Abbott and Costello among cannibals

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German title Abbott and Costello among cannibals
Original title Pardon my sarong
Country of production United States
original language English
Publishing year 1942
length 83 minutes
Age rating FSK 12
Director Alder C. Kenton
script True Boardman ,
Nat Perrin ,
John Grant
production Jules Levey
music Frank Skinner
camera Milton R. Krasner
cut Arthur Hilton

Abbott and Costello among cannibals is an American comedy film from the year 1942 with the comedy duo Abbott and Costello . It was the eighth collaboration between the two actors, which began in 1940.


Chicago Municipal Bus Company officials are concerned that the 5111 suburban bus driven by Algy Shaw and Wellington Phlug may have been stolen. In truth, the bus is on its tour to Los Angeles. Playboy Tommy Layton and a group of friends want to go to the Seaside Yachting Club there to take part in a regatta. Once there, Algy and Wellington are arrested by detective Kendall for stealing the bus. However, both can escape the detective. They flee to a theater and hide in the changing room of the magician Marco. Disguised as a magician, Algy burns the detective's arrest warrant. At the yacht club, a misunderstanding arises between Tommy and Joan Marshall, the sister of his main competitor in the race. She accuses him of bribing her brother's crew.

At the same time, Kendall manages to arrest the two bus drivers again. However, Wellington makes a wrong turn on the way to Chicago. The bus stops at the port of Los Angeles. Tommy learns that Joan has brought her brother's crew back. In return, he kidnaps her and hires the two fugitive bus drivers as a team. On the high seas, Tommy tries to make peace with Joan, but finds out that Joan has tampered with the compass and the boat is hundreds of miles off course.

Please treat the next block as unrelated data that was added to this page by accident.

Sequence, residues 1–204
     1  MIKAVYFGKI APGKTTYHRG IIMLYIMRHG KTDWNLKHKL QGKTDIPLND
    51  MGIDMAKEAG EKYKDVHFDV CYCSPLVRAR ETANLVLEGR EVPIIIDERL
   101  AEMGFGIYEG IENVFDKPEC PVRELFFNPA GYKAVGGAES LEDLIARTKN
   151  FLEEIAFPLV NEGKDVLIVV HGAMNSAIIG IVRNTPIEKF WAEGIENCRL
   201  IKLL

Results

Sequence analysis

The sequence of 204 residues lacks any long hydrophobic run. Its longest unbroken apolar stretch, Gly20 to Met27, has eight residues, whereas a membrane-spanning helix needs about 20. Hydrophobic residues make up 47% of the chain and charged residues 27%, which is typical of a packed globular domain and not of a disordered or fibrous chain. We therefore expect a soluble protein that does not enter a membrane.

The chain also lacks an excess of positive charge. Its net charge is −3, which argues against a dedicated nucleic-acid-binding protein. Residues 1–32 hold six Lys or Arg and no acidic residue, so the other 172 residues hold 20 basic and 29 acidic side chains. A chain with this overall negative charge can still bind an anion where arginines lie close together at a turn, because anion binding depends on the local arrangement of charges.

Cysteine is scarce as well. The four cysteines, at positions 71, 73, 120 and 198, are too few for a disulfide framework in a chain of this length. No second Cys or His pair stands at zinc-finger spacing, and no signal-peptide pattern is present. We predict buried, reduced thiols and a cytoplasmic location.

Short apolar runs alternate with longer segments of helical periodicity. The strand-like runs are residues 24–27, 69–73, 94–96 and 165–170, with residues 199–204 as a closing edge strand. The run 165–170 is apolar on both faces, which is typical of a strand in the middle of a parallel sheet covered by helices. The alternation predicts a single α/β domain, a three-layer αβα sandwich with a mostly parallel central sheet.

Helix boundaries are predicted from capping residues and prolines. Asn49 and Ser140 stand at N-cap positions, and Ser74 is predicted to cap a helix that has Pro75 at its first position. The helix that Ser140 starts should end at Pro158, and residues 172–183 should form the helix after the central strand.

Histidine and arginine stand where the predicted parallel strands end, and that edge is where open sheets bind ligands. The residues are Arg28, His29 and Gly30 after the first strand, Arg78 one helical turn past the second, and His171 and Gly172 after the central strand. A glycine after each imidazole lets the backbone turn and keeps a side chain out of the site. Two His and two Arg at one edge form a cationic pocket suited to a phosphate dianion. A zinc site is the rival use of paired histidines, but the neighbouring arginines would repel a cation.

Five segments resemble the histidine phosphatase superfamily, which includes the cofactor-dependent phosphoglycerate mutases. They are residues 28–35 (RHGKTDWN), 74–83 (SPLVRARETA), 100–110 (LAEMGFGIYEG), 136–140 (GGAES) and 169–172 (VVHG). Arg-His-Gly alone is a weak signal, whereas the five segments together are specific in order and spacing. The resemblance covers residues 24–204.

After ten days of wandering, the four sift through the country. The group goes ashore on a small island. Wellington finds a native village. Wellington is believed by the natives to be a hero who should help them to recapture an ancient temple in the mountains. He is also said to marry Luana, daughter of chief Kolua, which annoys Whaba, the warrior who loves her. Meanwhile, Tommy and Joan find the hut of the treasure hunter Varnoff, who pretends to be an archaeologist. Varnoff and his men fake a volcanic explosion. Wellington should now prove to be a hero and conquer the temple. Tommy and Joan realize Varnoff's real intentions, but are captured before they can warn the others. Wellington is also captured by Varnoff when he tries to enter the temple. Varnoff wants Kolua's holy ruby ​​from Wellington.

Wellington manages to escape. With Ally's help, most of Varnoff's men are put down. Tommy and Joan can also get rid of their bonds. Tommy attacks Varnoff but is accidentally knocked down and recaptured by Joan. Wellington notices that Varnoff is trying to get away in a small motorboat and has taken Joan hostage. He goes in pursuit and uses the sharp end of a swordfish as a weapon. Wellington jumps into the boat and overpowers Varnoff.

As Wellington, Algy, Tommy and Joan prepare for the return trip, Wellington gets a kiss goodbye from Luana, which heats him so that steam rises when he jumps into the water.


"Outdated entertainment with relatively good song and dance numbers."

"Action is a normal practice that this film manages to avoid."

- Bosley Crowther : New York Times, August 27, 1942


The film premiered in the United States on August 7, 1942. In Germany it appeared for the first time on February 2, 1951, in Austria on July 16, 1948, among other things under the title Mach's exotic, not erotic .

With this film, the comedian duo returned to Universal Pictures after freelancing the comedy Rio Rita for MGM .

The vocal band The Ink Spots had a guest appearance in a yacht club scene and performed the songs Do I Worry and Shout, Brother, Shout .

Web links

Individual evidence

  1. Abbott and Costello under cannibals in the Lexicon of International FilmsTemplate: LdiF / Maintenance / Access used , accessed December 13, 2011.
  2. ^ "Plot is a normal convention which this picture manages to avoid." - Review by the New York Times (English) , accessed on December 13, 2011.